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Intellectual Property Rights
01/29/2009

ICE tackles counterfeit goods at Super Bowl

TAMPA, Fla. - A three-day joint law enforcement operation between U.S. Immigration and Customs Enforcement (ICE), the Tampa Police Department (TPD) and the National Football League (NFL) resulted in the arrest of one local man and the seizure of 826 pieces of Super Bowl XLIII counterfeit merchandise valued at $115,795 along with the seizure of non-NFL counterfeit merchandise valued at more than $1 million.

Junior Raphael Prentice, 38, was arrested yesterday by TPD and charged in connection with the illicit sale of counterfeit items. He has been charged with two counts of distributing goods with a counterfeit trademark. Prentice is currently detained at the Orient Road Jail awaiting the outcome of his case. Additional charges are pending as the investigation continues.

Prentice, who is a Tampa native, was selling counterfeit merchandise out of the International Flea Market located at 11309 N Nebraska Ave. in Tampa, Florida. His merchandise included counterfeit NFL, NBA, MLB and NHL sports memorabilia, Nike shoes, Ed Hardy apparel, Rolex watches and various brand name purses.

Other local Tampa establishments were found to be selling counterfeit items as well. In fact, several boxes of fake NFL jerseys were seized Monday by ICE agents, TPD detectives and NFL investigators from a store located in Ybor city. Agents and detectives found authentic NFL jerseys comingled with fake NFL jerseys.

ICE, TPD and the NFL will continue conducting investigations leading up to and following game day.

"Enforcing America's counterfeiting laws are about protecting the rights of those who play by the rules; it's about keeping America a global leader in intellectual property rights; it's about keeping sub-par and unsafe merchandise off our streets; and it's about trying to keep billions of dollars of illicit funds out of the hands of organized criminal groups here and abroad," said Susan McCormick, special agent in charge of the ICE Office of Investigations in Tampa. "Major events such as the Super Bowl provide a great forum for us to educate the public about the hidden and often misunderstood dangers of this global criminal threat."

"The suspects who are selling these goods usually don't have a business license and they're not paying sales tax," said Major John Bennett with the Tampa Police Department. "We don't want them doing business before, during or after the Super Bowl. We owe a debt of gratitude to ICE and the NFL who brought in their expertise to be part of the Super Bowl surveillance teams. You can see from the large seizure that it was effective."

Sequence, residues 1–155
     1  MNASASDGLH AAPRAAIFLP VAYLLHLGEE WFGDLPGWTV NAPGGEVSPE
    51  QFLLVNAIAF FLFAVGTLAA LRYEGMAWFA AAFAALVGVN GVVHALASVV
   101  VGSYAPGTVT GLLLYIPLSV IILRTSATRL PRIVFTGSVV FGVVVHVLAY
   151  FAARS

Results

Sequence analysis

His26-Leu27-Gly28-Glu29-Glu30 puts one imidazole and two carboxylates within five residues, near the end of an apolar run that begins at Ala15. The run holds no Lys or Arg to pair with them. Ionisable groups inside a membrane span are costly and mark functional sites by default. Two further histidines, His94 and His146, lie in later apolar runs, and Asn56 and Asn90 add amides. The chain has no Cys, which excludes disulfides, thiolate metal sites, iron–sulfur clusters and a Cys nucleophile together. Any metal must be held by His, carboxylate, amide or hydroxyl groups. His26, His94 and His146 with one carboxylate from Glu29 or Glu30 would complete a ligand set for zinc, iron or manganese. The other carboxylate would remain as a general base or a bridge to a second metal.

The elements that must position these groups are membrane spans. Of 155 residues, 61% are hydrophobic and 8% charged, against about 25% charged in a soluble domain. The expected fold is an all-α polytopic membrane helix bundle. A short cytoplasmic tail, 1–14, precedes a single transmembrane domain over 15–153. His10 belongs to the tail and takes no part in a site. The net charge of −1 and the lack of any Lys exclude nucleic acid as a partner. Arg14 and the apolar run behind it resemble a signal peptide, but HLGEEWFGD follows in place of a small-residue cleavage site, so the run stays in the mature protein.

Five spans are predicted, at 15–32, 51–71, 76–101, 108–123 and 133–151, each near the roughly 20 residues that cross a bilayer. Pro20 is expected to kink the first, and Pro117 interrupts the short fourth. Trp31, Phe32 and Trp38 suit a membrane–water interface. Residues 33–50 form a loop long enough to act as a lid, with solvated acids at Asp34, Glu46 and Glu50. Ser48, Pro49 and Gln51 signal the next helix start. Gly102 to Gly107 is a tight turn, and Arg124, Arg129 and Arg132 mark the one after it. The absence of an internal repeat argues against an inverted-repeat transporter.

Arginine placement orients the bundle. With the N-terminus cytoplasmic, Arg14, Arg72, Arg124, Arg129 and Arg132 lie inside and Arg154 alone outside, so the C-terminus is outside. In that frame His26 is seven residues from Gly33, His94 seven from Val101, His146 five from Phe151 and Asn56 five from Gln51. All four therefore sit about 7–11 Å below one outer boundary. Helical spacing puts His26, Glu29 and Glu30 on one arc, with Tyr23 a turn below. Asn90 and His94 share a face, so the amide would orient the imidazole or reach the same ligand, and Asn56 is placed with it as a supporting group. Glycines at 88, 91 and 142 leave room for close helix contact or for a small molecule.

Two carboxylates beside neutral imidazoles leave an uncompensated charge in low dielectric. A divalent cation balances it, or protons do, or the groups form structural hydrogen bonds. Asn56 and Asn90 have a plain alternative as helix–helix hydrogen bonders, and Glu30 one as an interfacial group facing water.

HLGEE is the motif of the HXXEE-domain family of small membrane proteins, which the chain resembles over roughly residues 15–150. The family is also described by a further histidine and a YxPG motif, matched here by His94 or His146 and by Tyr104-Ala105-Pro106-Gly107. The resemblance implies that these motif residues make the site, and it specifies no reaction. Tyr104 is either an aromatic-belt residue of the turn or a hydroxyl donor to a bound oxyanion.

Counterfeiting, also known as IPR violations, involve the illegal use of trademarks, trade names and copyrights. It is estimated that the U.S. industry alone loses $200 to $250 billion to counterfeiting annually.

As the largest investigative arm of the Department of Homeland Security, ICE plays a leading role in targeting criminal organizations responsible for manufacturing, smuggling, and distributing counterfeit products. ICE, TPD, and the NFL are committed to protecting legitimate businesses involved in the manufacturing, importation and distribution of licensed commodities from unscrupulous counterfeiters.

In pursuit of this goal, law enforcement here is soliciting the assistance of legitimate Super Bowl sponsors, licensees, manufacturers, importers and retailers of authorized Super Bowl XLIII merchandise, as well as the general public, to identify, interdict and enforce our nation's IPR laws.

Anyone with information related to counterfeit Super Bowl XLIII merchandise is encouraged to contact law enforcement. Those with information may contact ICE's 24-hour toll-free hotline by dialing 1 (866) DHS-2ICE.

In fiscal year 2008, ICE partnered with U.S. Customs and Border Protection (CBP) to seize nearly $272.7 million in counterfeit or pirated merchandise nationwide, a 38 percent increase in domestic value over FY 2007.

ICE manages the National Intellectual Property Rights Coordination Center, which plays a pivotal role in the U.S. government's domestic and international law enforcement attack on IPR violations. ICE agents and CBP personnel throughout the country rely upon the IPR Coordination Center for guidance in their inspections and investigations.